- Anti-Corruption Helpdesk
- Integrating anti-corruption measures in the design of public law enforcement agencies
Integrating anti-corruption measures in the design of public law enforcement agencies
This Anti-Corruption Helpdesk brief was produced in response to a query from a U4 Partner Agency. The U4 Helpdesk is operated by Transparency International in collaboration with the U4 Anti-Corruption Resource Centre based at the Chr. Michelsen Institute.
When establishing new public law enforcement agencies or regulatory bodies in Georgia – for example competition agencies, sanitary and phytosanitary regulatory agencies etc. – how can donors make sure to include anti-corruption measures in their design? Please give some examples of best practices.
The purpose of this query is to provide examples of best practices for the integration of anti-corruption in the design of new public law enforcement / regulatory agencies. This information was requested due to the need to establish new regulatory agencies in Georgia to fulfil EU requirements for deep and comprehensive free trade agreements.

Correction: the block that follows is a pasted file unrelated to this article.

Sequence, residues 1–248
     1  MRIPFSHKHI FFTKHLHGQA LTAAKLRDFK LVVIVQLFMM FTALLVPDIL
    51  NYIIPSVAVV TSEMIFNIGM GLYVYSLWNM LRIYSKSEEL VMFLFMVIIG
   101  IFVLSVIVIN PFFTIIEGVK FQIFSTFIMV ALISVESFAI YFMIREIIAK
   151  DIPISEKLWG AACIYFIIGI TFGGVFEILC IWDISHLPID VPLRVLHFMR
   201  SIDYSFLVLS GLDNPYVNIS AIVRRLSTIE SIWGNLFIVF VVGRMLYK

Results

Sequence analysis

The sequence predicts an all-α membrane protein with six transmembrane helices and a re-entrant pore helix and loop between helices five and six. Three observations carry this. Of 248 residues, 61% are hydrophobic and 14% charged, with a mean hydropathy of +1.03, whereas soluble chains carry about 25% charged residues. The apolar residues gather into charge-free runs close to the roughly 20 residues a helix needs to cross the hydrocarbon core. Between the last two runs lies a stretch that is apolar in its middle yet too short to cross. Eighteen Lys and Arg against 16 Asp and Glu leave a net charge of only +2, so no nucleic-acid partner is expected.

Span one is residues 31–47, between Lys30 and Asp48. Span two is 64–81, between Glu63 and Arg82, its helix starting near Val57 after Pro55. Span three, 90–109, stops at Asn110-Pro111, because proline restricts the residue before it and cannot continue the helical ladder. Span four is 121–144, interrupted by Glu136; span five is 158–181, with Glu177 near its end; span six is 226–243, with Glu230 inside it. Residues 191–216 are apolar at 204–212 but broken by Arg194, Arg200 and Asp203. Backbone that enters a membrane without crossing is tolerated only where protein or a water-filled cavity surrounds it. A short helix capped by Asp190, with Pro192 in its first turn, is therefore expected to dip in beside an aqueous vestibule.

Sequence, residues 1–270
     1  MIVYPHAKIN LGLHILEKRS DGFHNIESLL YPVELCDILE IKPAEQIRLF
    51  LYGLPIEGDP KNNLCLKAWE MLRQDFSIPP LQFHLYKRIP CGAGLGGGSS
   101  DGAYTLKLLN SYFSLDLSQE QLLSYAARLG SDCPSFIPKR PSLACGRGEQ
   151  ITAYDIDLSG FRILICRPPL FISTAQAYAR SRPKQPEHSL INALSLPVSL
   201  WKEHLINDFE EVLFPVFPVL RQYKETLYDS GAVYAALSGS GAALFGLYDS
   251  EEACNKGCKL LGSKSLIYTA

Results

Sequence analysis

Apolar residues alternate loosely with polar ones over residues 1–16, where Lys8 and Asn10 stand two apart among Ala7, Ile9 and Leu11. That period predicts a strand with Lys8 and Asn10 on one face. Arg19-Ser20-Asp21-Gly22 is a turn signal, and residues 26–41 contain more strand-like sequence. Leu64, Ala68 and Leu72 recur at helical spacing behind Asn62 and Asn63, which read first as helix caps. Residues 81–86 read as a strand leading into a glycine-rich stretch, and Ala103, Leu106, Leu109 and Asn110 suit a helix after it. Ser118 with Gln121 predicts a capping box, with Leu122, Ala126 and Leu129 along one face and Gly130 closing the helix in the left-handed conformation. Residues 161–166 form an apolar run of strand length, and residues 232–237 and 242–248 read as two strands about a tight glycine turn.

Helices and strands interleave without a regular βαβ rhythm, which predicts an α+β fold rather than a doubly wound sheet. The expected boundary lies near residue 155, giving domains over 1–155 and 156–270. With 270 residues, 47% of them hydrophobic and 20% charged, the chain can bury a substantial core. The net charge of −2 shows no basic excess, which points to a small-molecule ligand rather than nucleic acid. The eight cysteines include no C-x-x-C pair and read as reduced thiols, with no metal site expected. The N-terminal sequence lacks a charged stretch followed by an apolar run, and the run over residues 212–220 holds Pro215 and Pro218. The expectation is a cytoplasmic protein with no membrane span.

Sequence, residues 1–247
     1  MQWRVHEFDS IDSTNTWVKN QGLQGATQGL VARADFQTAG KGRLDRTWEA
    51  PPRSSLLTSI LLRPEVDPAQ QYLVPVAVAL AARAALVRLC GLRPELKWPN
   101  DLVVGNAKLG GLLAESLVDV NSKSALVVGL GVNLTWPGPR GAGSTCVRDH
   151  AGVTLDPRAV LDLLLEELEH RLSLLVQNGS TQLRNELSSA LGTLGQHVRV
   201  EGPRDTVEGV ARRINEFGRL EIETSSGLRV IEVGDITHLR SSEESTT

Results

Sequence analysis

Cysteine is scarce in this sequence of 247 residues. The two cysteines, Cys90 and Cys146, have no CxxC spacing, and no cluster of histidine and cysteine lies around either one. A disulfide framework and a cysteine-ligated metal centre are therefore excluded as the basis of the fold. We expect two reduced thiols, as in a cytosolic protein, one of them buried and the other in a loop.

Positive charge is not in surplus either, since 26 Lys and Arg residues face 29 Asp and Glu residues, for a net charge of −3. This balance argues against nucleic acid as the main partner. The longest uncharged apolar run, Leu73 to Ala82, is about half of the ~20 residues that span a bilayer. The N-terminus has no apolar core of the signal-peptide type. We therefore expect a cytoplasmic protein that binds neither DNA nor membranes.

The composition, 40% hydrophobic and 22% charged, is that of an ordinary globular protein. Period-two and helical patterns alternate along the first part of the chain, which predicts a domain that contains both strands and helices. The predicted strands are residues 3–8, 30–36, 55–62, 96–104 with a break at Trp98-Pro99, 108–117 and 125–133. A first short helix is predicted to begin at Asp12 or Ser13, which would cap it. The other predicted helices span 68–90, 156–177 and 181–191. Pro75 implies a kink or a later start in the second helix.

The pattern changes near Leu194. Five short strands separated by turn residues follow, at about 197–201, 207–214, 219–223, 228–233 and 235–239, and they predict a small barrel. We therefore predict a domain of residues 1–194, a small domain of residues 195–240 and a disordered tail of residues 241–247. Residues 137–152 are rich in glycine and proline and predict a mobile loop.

1. Introduction: Brief overview of the regulatory context in Georgia
2. Corruption risks in regulatory agencies: Issues and safeguards
3. International best practice example: OECD Regulatory Impact Analysis
4. Further reading
Agencies tasked with regulating business and ensuring the functioning of markets help devise and enforce rules and regulations related to a broad range of issues. These include safeguarding product safety and consumer protection to ensuring market stability and transparency, equitable access to infrastructure, fair competition, or security of supply. Along with this important remit as rule-makers, guardians and arbiters, regulatory agencies can become lucrative targets for undue influence and other forms of corruption.
This expert answer first charts some of the corruption risks that regulatory agencies face, discussing remedies suggested in the literature. A focus is placed on regulatory agencies in general, rather than sectorspecific agencies. It is found that ensuring independence, autonomy and accountability of regulatory agencies are the most crucial components to mitigate corruption risks.
The final section of the query describes some features of the OECD Regulatory Impact Analysis initiative as an example of an international best practice mechanism that provides guidance on building effective and robust regulatory agencies with low corruption risks.
AuthorsFarzana Nawaz, Transparency International, [email protected]